A Phoenix First Must Burn, a young adult anthology centering Black women and gender nonconforming people, takes its title from an Octavia Butler quote: “In order to rise from its own ashes, a phoenix first must burn.” A phoenix’s rebirth is a fitting metaphor for the anthology, edited by Patrice Caldwell ’15, which depicts Black resilience through science fiction, fantasy, and magic. Though the anthology’s 16 stories feature unreal beings, technologies, and powers, they’re grounded in the real historical and contemporary strength of Black people, resulting in Black girl magic that is wholly believable even as it is otherworldly.
The anthology’s stories are impressively varied. Readers meet an enslaved girl who can manipulate metal, a clever sorcerer’s apprentice, a girl on an intergalactic interrogation mission, a vampire-obsessed introvert who meets a real-life vampire at the library, a girl from a lineage of women whose enticing beauty is a dangerous curse, and many others. The contributors, who include award-winning and New York Times best-selling authors, draw from folklore and history across cultures and even the ongoing Flint, Mich., water crisis. Though romantic love is a common theme, family and community loyalty often take center stage, and the stories are as political as they are magical. Ultimately, the characters draw on an inner strength, a sense of knowing who they are, that comes from persisting despite adversity.
In her introduction, Caldwell describes her childhood love of science fiction and supernatural stories and how the books she found about Black characters were too often limited to stories of suffering. She recalls searching for a future for herself. But without seeing oneself in fantastical or speculative worlds, a Black girl’s possibilities seemed limited. Caldwell’s search for a future ties the stories together—not always a future with spaceships and holograms, but a future free of chains or limitations. In Phoenix, this future exists across time and space.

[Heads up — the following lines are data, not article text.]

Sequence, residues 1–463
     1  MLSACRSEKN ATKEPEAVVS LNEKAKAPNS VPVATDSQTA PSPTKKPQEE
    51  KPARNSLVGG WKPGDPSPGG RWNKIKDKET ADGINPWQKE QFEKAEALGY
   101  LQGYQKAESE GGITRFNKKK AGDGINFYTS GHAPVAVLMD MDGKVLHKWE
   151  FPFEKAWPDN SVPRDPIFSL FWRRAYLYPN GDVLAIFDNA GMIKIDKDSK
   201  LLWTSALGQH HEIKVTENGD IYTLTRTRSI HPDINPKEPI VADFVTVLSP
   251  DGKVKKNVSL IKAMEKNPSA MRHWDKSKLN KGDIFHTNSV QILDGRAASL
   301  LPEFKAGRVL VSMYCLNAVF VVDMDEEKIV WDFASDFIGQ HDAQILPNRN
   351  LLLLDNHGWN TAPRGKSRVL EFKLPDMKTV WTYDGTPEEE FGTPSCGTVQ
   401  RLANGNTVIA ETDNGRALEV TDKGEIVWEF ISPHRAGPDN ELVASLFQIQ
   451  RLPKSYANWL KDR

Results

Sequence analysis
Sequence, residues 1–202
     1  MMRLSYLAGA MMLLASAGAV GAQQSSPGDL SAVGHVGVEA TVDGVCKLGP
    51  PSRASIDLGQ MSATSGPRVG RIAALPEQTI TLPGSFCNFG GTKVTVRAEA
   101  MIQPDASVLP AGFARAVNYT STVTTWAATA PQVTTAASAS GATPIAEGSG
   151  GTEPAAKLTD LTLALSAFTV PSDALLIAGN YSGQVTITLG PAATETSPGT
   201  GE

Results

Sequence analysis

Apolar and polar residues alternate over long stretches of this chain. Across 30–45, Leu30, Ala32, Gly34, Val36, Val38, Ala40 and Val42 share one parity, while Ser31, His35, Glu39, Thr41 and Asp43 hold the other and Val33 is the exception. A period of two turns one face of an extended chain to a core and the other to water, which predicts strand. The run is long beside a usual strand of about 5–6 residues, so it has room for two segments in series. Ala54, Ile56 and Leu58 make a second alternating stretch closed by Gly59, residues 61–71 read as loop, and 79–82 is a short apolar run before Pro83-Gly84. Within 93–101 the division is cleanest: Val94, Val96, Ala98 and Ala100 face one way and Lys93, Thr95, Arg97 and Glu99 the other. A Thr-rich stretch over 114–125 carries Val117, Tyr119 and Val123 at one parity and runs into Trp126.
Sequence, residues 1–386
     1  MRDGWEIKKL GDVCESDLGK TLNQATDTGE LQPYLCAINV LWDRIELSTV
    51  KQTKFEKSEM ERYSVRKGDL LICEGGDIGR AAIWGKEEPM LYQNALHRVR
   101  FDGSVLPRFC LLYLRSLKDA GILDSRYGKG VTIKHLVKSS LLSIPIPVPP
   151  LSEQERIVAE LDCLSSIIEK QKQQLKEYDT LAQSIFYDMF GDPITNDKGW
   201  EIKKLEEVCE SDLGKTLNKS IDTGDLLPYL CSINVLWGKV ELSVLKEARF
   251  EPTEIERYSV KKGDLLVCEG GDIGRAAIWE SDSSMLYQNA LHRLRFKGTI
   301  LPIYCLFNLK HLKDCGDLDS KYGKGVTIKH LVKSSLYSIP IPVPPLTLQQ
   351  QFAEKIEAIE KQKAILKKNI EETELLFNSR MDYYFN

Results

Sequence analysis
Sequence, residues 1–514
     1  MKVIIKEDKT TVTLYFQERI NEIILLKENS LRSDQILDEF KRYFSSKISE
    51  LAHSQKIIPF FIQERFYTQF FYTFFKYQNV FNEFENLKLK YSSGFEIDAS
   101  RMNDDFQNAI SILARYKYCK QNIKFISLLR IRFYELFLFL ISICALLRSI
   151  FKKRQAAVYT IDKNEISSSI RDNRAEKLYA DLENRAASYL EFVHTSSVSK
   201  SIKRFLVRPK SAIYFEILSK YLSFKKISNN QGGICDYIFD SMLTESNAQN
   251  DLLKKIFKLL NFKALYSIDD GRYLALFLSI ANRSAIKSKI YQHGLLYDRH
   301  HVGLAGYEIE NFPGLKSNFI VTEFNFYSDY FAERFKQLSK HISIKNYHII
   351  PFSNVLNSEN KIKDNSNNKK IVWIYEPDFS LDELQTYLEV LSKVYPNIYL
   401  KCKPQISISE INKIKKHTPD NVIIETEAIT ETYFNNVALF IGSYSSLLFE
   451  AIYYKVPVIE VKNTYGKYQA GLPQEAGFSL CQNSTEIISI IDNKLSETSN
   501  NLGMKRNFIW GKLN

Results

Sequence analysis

Though Phoenix is Caldwell’s first published book, it is far from her first publishing venture. Now a literary agent, she began her publishing career as a children’s book editor and founded the grassroots organization People of Color in Publishing. Caldwell’s mission is clear: She wants to ensure that children of color have a wealth of worlds to explore and literature to lose themselves in. With Phoenix, Caldwell has curated a stunning, remarkably diverse collection that seamlessly fits together to tell Black girls that their possibilities are endless.
Funderburg studied English and education studies at Wellesley and now works in children’s book publishing in New York City.